For the backstory on Montana's war on affordable funerals, see:
The state's funeral industry and its regulatory handmaidens just won't quit. The latest? Proposed revisions to the Board of Funeral Service's regulations that would sneakily put low-cost, direct-to-consumer crematories out of business. How? By making it illegal for a crematory operator to do the most basic, necessary tasks on his own :
- Crematory operators would be barred from removing pacemakers (which state law requires, and which could blow up if not removed before cremation) unless they did so in a fully-equipped embalming room in a full-service mortuary. This would be like offering a Jiffy Lube from changing a car's oil unless it did so in a full-service car dealership with diagnostic computers and emissions-control equipment.
Since no full-service mortuary is going to let a crematory competitor use its embalming room, or would charge a fee, or since the embalming room would be physically distant, this effectively prohibits cremation businesses from operating independent of a competitor.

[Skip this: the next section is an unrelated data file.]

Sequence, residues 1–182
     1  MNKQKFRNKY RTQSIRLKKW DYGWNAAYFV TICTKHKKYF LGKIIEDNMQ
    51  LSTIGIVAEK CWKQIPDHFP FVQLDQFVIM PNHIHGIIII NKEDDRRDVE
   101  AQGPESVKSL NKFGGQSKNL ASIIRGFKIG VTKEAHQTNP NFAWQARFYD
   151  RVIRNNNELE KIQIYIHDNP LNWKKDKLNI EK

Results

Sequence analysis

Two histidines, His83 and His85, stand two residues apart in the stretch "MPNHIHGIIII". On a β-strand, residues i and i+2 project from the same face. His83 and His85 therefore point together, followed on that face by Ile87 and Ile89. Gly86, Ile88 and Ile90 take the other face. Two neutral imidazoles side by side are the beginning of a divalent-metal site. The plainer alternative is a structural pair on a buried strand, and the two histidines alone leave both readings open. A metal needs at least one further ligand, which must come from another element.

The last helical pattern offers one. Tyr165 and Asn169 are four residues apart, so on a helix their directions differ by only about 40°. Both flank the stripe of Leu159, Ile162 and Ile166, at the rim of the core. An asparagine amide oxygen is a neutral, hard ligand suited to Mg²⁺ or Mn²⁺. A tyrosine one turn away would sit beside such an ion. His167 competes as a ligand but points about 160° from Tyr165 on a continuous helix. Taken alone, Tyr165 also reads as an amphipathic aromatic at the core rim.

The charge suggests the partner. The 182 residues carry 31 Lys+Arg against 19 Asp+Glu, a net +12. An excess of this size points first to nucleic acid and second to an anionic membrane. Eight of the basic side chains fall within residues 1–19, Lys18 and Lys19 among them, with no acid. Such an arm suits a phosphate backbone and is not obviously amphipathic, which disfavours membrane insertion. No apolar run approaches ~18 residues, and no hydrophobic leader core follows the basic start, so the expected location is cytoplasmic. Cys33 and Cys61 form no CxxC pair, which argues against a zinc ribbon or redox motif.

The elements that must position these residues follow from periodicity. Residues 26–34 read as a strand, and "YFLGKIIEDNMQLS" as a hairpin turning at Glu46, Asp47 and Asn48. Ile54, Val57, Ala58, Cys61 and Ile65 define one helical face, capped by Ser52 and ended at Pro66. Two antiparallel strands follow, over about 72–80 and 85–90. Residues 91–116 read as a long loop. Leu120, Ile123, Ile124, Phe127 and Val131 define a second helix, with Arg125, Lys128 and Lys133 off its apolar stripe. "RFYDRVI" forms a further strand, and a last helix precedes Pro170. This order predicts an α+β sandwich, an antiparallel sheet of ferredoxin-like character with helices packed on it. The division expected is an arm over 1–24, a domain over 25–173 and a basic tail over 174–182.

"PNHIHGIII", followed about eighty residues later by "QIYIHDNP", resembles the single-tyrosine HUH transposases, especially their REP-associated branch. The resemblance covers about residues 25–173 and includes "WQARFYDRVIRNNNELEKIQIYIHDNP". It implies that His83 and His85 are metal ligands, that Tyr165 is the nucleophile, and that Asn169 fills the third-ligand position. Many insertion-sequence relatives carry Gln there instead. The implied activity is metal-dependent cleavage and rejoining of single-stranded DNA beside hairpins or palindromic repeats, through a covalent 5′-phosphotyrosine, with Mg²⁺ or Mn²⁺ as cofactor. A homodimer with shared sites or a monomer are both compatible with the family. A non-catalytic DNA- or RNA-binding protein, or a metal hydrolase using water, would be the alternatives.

- Crematory operators could not even wash, dress, or comb the hair of a deceased person outside the walls of a full-embalming suite at a full-service mortuary.
- Anyone selling any kind of funeral—full-service, basic, or cremation-only—could only discuss it with the customer within the physical building of a full service funeral home or branch, unless otherwise requested by the customer. No, it doesn't make much sense to us either, but it appears to be another way to make business impossible for honest, reasonably priced businesses like Central Montana Crematorium.
Here's our letter to the state board, which we've also sent to the Governor's office.